Finally, we leave the famous Mara River.
We departed from the Kenyan National Reserve of Masai Mara towards its extension in northern Tanzania.
We cross overcrowded and chaotic villages around the Isebania-Sirari border. Already with the respective stamps in the passports, we changed jeep and guide.
Moses Lota introduces himself. Takes over navigation.
We conquered the highlands of the Tarime region, far greener and more agricultural than anything we had seen in recent days.
Six hours after the early departure, we felt at ease with the new guide and were back in the savannah.
"Sarah Mary and Mark of Jesus?" asks us also the conductor with his purposely silly way of incredulity that would come to amuse us time and time again.
"Well, counting Moses here, this is going to look like a biblical expedition."
Journey to the heart of the Serengeti National Park
We cross the Fort Ikoma portal of the Serengeti National Park, register with the authorities, and proceed to its core. The trip was soon shaken by the appearance of one of God's most demonic creatures on the scene.
"There, it's about to start!" announces the guide after a sharp slap in the face.
With the roof of the jeep open, it only took a few seconds for us all to share an inglorious resistance against the countless attacks of tsetse flies.
Moses reassures us. “This story is no longer what it was. They had to be bitten thousands of times and be unlucky the size of Tanzania to catch sleeping sickness. In fact, on the contrary, with them around, no one sleeps in this jeep.”
It's mid-afternoon. We just have to check in where we were going to stay close to nightfall.
Accordingly, we completed the route in full game drive mode, as the English-speaking colonists from Africa called the habit of driving through the savannah and observing the fauna.
We found the first clans of lions with offspring and dozens of elephants.
Until the sun goes down, there is still a huge flock of indolent but irascible hippos that almost completely fill a small section of the Grumeti River.
We check into Serena Lodge at night and after the allowed time.
Guide more than beaten to the job, Moses is willing to favor our work and enters through the gate prepared for the eventual disgrace. "Do not worry. I tell them we had to help someone with a hole!"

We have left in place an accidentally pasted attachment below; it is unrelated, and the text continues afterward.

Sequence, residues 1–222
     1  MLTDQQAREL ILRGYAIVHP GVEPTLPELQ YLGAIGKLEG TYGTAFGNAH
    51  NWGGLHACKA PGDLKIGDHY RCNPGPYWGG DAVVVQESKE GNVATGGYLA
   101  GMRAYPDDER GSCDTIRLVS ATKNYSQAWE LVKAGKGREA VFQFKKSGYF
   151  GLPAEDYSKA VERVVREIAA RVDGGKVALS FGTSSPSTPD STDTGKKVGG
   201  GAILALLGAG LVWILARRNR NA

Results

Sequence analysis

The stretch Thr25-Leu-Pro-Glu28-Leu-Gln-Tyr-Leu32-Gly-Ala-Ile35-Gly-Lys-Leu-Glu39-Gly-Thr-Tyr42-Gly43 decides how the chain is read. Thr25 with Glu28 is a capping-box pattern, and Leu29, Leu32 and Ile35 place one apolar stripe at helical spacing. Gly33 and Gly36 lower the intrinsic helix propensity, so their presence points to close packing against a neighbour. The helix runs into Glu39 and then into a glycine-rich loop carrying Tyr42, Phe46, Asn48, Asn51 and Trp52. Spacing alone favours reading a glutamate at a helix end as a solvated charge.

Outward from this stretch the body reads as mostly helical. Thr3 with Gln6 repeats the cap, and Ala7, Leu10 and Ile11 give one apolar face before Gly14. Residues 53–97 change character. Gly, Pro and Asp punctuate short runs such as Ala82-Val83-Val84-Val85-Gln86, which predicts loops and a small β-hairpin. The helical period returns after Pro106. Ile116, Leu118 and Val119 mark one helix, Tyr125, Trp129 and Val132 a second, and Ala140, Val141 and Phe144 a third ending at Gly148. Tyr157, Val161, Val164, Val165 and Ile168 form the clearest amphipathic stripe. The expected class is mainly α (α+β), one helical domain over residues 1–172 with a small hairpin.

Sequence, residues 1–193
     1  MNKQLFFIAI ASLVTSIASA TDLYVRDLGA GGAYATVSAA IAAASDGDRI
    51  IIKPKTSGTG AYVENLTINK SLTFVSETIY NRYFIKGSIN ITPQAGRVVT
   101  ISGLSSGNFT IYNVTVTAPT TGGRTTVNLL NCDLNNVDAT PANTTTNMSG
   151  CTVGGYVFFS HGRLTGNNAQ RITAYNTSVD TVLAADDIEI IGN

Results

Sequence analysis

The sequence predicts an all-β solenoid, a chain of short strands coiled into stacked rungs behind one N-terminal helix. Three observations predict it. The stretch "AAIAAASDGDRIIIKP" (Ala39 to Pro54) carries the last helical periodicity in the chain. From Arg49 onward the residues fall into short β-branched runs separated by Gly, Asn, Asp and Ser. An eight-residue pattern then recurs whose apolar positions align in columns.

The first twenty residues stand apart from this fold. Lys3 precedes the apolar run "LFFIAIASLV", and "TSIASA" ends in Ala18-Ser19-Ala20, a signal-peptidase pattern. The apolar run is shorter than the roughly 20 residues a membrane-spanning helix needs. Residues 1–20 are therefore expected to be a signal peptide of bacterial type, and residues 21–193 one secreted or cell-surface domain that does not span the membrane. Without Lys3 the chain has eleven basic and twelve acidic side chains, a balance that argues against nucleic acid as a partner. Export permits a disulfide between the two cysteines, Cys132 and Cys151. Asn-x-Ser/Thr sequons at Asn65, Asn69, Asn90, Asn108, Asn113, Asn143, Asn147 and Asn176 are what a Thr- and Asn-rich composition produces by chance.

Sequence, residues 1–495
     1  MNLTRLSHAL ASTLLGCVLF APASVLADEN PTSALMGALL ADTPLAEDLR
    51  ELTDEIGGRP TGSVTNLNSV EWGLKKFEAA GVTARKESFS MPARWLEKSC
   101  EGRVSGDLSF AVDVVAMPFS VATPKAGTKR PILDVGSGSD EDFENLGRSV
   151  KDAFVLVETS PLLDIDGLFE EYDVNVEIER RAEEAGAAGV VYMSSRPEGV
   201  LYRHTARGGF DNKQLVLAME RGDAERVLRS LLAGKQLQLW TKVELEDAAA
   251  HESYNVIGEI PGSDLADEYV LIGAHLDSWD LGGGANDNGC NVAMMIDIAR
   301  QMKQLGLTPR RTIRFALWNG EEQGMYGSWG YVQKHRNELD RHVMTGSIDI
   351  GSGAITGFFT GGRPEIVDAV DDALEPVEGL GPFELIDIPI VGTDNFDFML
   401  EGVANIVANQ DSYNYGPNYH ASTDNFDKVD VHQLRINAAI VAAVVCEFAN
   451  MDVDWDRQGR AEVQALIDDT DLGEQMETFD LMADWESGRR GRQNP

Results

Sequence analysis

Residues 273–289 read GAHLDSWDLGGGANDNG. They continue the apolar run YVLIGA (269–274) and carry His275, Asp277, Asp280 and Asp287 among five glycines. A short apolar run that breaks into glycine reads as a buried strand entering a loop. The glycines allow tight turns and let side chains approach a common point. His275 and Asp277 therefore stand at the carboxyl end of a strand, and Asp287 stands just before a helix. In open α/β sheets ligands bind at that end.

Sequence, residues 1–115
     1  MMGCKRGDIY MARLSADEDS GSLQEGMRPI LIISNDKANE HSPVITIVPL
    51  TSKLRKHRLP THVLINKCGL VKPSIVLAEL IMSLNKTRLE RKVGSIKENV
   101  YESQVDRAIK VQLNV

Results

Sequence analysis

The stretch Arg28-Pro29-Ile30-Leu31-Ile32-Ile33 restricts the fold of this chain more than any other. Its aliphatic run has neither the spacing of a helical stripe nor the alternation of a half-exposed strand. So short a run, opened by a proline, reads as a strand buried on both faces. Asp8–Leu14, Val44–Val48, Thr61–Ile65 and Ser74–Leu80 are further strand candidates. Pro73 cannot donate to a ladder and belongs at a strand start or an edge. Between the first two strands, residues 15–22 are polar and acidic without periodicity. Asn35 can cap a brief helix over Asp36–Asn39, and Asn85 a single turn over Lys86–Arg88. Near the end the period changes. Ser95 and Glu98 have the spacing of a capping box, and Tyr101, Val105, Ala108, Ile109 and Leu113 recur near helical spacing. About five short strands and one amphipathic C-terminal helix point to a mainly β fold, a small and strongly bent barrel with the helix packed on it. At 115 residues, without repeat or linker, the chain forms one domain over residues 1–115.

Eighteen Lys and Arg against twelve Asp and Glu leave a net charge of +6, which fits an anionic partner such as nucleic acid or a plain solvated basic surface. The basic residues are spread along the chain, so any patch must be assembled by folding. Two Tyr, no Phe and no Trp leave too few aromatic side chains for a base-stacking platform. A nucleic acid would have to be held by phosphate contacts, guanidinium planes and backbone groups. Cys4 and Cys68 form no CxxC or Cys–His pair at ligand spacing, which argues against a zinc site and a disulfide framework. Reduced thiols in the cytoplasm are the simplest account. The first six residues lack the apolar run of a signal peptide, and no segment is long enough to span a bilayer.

Serena Lodge Serengeti Unfenced Shelter
As soon as we got out of the jeep, one of the employees of the lodge he listens to us talking and approaches us in hesitant and somewhat clumsy Portuguese. “Hello, I'm Marcerino. I also speak portuguese.
My parents are Mozambicans. They live on the edge. I came here at a very young age."
In the days we spent in that elegant Tanzanian hotel, Marcerino – the nameplate on his shirt confirmed the name – would pay us a special dedication.
The Serena Lodge where he worked was made of buildings shaped like large Masai huts, distributed along one of the rare steep slopes of the savannah, among acacia trees and thorny bushes.
In the image of some others from wild africa, the lodge is not fenced. We want to leave the room for dinner but we can only do it with an escort.
The bodyguard who knocks on the door with his lantern at the ready wastes no time in enlightening us on the advantage of his presence. "So what animals have you seen here today?" we ask. "It has been calm." responds. “But a little of everything can appear. We've been visited by buffaloes, lions, leopards and even elephants.
We have to be careful. At this time, guests are in the mood to eat, not be eaten.”
During the night, we heard a lion's shuffling roar from an opposite hill. The top of that elevation seduced us because we suspected it must provide incredible 360° views.
With the sun coming up behind it, we pursued the privilege of going there.
We ask at reception if there are any special trails. “There is and part already back here. But you're not thinking about going there like that, is it?”
In fact, we hadn't considered the little expedition in all its aspects.
Ranger and AK-46 Protected Ascension to a Panoramic Hill